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Sectoral Effects of Tax Reforms in an Open Economy

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  • Olivier Cardi

    ()
    (ERMES - Equipe de recherche sur les marches, l'emploi et la simulation - CNRS : UMR7017 - Université Panthéon-Assas - Paris II, Department of Economics, Ecole Polytechnique - CNRS : UMR7176 - Polytechnique - X)

  • Romain Restout

    ()
    (Université Catholique de Louvain, IRES - UCL)

Abstract

We use a neoclassical open economy model with traded and non traded goods to investigate the sectoral effects of three tax reforms: i) two revenue-neutral shifting the tax burden from labor to consumption taxes and ii) one labor tax restructuring keeping the marginal tax wedge constant. Regardless of its type, a tax reform crowds-in both consumption and investment and raises employment. Whereas tax reforms have a small impact on GDP, they exert substantial effects on sectoral outputs which move in opposite direction in the short-run. The sensitivity analysis reveals that raising the elasticity of labor supply or reducing the tradable content in consumption expenditure amplifies the heterogeneity in sectoral output responses. Finally, allowing for the markup to depend on the number of competitors, we find that a substantial share of sectoral output variations can be attributed to the change in the markup triggered by firm entry.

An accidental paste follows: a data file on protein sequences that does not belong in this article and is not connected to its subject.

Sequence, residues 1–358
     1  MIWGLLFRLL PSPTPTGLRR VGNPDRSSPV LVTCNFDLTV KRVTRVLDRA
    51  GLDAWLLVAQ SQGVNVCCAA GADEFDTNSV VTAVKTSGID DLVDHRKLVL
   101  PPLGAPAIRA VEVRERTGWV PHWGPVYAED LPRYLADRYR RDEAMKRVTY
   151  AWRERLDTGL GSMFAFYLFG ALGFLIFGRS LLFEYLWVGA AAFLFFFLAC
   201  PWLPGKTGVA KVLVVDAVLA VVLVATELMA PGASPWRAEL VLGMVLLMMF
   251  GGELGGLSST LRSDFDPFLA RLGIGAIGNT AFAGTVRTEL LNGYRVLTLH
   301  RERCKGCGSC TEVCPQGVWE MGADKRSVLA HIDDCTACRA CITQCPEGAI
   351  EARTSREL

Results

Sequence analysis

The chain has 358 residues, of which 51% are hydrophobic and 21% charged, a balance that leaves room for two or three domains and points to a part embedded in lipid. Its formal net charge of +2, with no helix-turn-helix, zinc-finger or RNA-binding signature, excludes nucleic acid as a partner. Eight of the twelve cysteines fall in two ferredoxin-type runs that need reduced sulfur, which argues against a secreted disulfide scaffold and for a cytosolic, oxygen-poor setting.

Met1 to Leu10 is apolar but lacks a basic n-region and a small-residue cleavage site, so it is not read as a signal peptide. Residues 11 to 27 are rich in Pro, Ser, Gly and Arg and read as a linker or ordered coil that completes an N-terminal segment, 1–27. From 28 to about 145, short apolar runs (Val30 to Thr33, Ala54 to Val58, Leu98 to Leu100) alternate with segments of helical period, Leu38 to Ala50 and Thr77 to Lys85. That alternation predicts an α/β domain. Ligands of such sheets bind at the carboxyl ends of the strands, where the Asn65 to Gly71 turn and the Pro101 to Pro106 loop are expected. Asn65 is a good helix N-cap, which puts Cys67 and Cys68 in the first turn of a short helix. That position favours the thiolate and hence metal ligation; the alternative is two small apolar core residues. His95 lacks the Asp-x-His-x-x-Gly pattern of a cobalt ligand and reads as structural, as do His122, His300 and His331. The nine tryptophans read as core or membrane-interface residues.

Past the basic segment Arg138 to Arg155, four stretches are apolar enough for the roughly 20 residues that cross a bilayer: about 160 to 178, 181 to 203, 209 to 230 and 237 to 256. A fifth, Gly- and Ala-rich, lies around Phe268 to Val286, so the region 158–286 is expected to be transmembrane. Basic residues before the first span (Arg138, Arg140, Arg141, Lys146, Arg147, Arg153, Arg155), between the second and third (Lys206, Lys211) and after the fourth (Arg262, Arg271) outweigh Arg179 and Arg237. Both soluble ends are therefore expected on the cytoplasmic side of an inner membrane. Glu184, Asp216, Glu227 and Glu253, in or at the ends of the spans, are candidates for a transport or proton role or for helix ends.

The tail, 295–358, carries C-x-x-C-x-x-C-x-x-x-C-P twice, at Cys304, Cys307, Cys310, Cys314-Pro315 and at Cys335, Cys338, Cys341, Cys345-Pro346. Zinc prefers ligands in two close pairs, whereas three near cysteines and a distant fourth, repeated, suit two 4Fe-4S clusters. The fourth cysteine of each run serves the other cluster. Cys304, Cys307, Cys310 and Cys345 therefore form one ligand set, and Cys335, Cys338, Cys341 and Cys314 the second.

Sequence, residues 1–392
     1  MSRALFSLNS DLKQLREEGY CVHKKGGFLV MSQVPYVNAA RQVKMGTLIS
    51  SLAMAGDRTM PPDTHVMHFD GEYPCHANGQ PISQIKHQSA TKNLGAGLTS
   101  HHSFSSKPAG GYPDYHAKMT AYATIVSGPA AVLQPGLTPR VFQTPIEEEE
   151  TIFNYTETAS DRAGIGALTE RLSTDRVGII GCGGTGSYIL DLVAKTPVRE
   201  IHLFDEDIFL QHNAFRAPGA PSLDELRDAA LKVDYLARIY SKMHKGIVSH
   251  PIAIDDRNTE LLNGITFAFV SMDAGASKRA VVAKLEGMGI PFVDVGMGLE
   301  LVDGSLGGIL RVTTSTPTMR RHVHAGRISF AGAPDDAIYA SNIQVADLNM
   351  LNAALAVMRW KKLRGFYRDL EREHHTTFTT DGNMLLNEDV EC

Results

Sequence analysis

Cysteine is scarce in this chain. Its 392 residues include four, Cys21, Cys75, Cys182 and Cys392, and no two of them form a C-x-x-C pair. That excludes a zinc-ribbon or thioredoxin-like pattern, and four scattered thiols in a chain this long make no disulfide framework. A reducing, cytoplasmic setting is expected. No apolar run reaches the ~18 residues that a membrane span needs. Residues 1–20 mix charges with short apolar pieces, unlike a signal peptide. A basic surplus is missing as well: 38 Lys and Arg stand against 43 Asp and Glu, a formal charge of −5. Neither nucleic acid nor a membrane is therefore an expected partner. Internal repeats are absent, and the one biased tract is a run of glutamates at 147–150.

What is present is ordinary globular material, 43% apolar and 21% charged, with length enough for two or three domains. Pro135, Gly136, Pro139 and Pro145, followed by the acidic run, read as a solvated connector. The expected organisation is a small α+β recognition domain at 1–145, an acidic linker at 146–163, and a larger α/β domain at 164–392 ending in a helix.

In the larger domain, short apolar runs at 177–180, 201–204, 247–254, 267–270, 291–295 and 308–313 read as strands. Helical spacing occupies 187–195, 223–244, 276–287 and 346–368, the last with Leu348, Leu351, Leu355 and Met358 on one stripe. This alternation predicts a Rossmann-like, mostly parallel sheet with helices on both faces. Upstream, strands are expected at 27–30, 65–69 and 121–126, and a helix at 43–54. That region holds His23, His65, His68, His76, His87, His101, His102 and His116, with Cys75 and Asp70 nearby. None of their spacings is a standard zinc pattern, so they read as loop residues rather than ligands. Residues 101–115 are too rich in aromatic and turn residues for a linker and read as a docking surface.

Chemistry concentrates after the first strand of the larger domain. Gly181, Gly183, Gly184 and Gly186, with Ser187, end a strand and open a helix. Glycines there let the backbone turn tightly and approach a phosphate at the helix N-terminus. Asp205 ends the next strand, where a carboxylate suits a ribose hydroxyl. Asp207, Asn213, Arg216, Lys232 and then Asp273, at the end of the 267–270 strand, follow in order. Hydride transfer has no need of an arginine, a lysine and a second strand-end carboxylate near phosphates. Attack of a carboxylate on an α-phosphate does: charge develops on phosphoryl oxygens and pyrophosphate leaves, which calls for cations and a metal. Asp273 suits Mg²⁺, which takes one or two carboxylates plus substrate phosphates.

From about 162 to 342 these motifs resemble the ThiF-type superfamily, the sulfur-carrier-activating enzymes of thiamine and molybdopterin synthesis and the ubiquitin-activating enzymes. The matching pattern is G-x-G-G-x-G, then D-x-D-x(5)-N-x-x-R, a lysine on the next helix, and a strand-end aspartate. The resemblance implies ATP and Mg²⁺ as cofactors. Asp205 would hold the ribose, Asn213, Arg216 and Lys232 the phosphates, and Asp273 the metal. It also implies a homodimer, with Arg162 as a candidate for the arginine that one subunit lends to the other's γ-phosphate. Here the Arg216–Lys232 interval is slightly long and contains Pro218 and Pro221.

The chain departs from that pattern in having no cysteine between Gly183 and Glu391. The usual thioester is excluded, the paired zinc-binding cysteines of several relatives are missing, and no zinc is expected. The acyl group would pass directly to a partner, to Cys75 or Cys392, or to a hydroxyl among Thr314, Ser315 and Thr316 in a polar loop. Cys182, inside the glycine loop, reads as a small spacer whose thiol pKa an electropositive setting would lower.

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Bibliographic Info

Paper provided by HAL in its series Working Papers with number hal-00544475.

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Date of creation: 08 Dec 2010
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Handle: RePEc:hal:wpaper:hal-00544475

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Keywords: Non Traded Goods; Employment; Current Account; Tax Reform.;

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  1. Mankiw, N. Gregory & Weinzierl, Matthew, 2006. "Dynamic scoring: A back-of-the-envelope guide," Journal of Public Economics, Elsevier, Elsevier, vol. 90(8-9), pages 1415-1433, September.
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Cited by:
  1. Richard M. Bird & Michael Smart, 2012. "Financing Social Expenditures in Developing Countries: Payroll or Value Added Taxes?," International Center for Public Policy Working Paper Series, at AYSPS, GSU, International Center for Public Policy, Andrew Young School of Policy Studies, Georgia State University paper1206, International Center for Public Policy, Andrew Young School of Policy Studies, Georgia State University.

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